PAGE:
Intel To Shift Mobile-Phone Chip Strategy
By Carlo Longino, Tue May 18 00:00:00 GMT 2004
The chip giant missed the window with its 2.5G products, and has told its engineers to focus on 3G.
Intel's talked a big game in the mobile market, but hasn't found much success with its line of Manitoba 2.5G chips. The company has tried to sell device makers on the line that mobiles are becoming more and more like PCs -- and who better to get their chips from than the PC processor king.
But Intel hasn't made a big dent in Texas Intruments' position at the top of the market, and TI's CEO says he's more concerned about competition from Qualcomm than Intel. Handset manufacturers have also likely been scared off the company's chips because they've seen how PC manufacturers' products have been commoditized to the benefit of Intel and Microsoft, and don't want to see their handsets follow a similar path.
Intel CFO Andy Bryant told Bloomberg last week that the company will announce within the next month a new strategy for the market, which remains strategically important for the company, and that it's already sent engineers back to the drawing board to focus on 3G handsets. Intel's already spent more than $1.6 billion on developing mobile processors, but doesn't have much to show for it.
It's doubtful the company's new products will offer great technological advantages over TI's or Qualcomm's, given those two companies' years-long head start. Intel also suffered a loss of credibility with handset makers when it tried to jack up its flash memory prices last year, a move that caused it to lose share to rivals Samsung and AMD. It's likely the company will have a hard time finding success in the mobile-phone market beyond Asian ODMs that can quickly turn Intel and Microsoft reference designs into products, and who don't have brands they're concerned about letting commoditization erode.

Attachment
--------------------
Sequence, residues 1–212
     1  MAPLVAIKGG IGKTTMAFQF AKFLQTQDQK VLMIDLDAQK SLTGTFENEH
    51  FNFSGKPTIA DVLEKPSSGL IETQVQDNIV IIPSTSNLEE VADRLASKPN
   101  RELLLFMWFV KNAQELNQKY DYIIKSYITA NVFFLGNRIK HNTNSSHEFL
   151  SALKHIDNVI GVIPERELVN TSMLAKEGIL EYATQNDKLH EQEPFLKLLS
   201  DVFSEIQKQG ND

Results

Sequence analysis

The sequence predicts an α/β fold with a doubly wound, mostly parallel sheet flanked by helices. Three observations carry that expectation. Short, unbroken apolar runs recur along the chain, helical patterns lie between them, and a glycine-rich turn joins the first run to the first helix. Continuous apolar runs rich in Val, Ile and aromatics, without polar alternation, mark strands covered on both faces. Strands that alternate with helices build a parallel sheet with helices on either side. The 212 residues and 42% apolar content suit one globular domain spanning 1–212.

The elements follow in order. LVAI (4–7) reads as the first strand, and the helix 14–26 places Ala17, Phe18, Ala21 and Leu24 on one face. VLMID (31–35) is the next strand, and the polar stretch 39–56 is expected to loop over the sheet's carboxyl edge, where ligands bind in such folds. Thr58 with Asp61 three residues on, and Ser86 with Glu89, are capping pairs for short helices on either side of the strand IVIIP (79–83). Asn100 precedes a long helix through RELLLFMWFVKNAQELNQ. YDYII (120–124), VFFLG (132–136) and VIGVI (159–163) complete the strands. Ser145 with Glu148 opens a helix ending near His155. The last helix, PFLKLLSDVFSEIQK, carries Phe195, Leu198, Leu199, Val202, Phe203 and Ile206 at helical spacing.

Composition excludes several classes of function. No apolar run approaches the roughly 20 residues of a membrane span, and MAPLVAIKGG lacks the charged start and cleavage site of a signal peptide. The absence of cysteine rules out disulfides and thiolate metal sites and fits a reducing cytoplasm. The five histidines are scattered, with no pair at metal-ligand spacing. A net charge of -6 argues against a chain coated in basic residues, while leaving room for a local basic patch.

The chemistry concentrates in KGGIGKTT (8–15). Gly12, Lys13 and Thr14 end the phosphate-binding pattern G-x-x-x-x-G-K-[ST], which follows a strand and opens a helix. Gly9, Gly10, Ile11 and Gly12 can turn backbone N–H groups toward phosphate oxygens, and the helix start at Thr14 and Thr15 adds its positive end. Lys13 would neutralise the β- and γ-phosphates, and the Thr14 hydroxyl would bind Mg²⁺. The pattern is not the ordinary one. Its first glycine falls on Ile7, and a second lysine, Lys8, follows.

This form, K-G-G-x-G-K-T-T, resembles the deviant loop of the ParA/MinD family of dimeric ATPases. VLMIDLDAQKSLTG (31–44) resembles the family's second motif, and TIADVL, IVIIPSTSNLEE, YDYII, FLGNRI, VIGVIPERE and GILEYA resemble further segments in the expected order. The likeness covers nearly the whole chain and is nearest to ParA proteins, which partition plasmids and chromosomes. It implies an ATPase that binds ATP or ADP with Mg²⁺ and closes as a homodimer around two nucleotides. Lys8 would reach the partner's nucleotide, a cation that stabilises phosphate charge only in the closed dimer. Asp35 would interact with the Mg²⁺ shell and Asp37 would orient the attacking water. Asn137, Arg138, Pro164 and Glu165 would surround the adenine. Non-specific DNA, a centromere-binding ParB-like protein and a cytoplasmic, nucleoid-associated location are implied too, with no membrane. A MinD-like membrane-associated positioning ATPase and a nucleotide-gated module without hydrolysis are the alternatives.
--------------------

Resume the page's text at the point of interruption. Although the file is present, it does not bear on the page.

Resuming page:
Anybody can build a Windows PC, and sticking an "Intel Inside" sticker on the box gives it instant credibility, regardless of if it's been built by Dell or some guy in a back alley. But in the phone market, chip makers are invisible, and a much higher premium is placed on features and design than processor type or power. This isn't a type of market that Intel has a lot of experience navigating, and the major handset makers -- and established chip companies like TI and Qualcomm -- aren't going to let them make too many inroads.